Omicron Variant: The new rules and restrictions in England
With the arrival of the Omicron variant ahead of Christmas, the government has once again put new rules for safety in place.
With the looming possibility of another immense COVID-19 infections wave caused by the new Omicron variant, the UK government has taken a few stringent steps to avoid it.
Red list countries
Countries with a large number of confirmed Omicron variant cases have been placed on the UK’s travel red list. These include:
- South Africa
Entry to the UK has been banned from these countries except for UK and Irish nationals and those who are resident in the UK.
Arrivals from red list countries must observe managed quarantine for 10 days (11 nights) in government-approved hotels. The hotel quarantine arrangements must be made in advance of travelling to the UK, and the relevant details must be entered in the passenger locator form.
Mandatory PCR tests for travellers
Very recently, until the discovery of the Omicron variant, fully vaccinated travellers were permitted to use the quicker and cheaper antigen tests for Day 2 testing after arriving in the UK.
Now, the government has stated that only PCR tests may be used for Day 2 testing.
Day 2 PCR tests are mandatory for all fully vaccinated travellers arriving in the UK from non-red list countries.
These post-arrival COVID-19 tests must be done within the second day of entering the UK, and until a negative result is produced, the travellers must quarantine at home.Find your nearest VIVO Clinic
Wearing masks and observing social distancing had become the norm for quite some time. At least until the vaccination programme proved to be successful in providing protection against COVID-19.
Everyone visiting and working in shops, plus everyone on public transports must wear face coverings. The new mask rules apply when visiting or using any of the following:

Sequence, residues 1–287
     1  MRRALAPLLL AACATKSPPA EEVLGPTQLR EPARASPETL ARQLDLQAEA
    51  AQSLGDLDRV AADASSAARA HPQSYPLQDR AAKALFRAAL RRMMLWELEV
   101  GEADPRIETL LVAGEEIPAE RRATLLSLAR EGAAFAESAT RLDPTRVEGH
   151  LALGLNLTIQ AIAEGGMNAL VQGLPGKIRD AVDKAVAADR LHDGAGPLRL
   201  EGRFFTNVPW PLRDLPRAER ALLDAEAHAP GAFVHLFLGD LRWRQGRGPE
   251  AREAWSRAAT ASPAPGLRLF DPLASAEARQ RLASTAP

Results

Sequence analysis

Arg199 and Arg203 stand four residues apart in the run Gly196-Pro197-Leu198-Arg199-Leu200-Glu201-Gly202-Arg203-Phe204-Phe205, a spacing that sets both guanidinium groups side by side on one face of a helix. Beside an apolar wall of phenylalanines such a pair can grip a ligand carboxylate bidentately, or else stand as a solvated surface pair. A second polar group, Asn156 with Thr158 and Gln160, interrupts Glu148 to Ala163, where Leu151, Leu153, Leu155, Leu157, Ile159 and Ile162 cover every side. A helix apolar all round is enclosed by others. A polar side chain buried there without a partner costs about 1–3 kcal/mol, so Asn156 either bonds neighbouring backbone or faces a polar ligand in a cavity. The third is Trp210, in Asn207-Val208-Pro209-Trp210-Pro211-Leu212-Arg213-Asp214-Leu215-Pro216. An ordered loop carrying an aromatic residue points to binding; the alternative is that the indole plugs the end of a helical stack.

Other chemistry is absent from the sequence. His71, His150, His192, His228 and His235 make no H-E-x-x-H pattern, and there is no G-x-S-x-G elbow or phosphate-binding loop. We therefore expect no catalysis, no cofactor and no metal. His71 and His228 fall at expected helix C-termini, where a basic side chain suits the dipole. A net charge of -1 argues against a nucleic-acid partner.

- Post offices
- Vet surgeries
- Driving tests and lessons
- Tattoo parlours
- Nail salons
Pupils in secondary school are ‘strongly advised’ to wear facial coverings in communal areas.
Masks are, however, not compulsory when visiting gyms, cinemas, restaurants, theatres or pubs.
According to Health Minister Edward Argar, extending the restriction in hospitality settings is impractical.
He said, ‘Where people are eating, drinking [they] may go to a bar to order a drink, but will often then sip the drink on their way back to their table.’
People who fail to wear face coverings where it is mandatory will be fined. The National Police Chiefs’ Council stated that the police would ensure that the rules are being followed ‘where necessary’.
‘Forces will increase officer visibility where possible in high-risk and crowded areas. If officers encounter individuals not wearing a face covering on public transport or in shops, they will engage with them, explain the risks and encourage them to comply.’
In England, the fine for a first offence is £200. With subsequent offences, the fines will double up to a maximum of £6,400.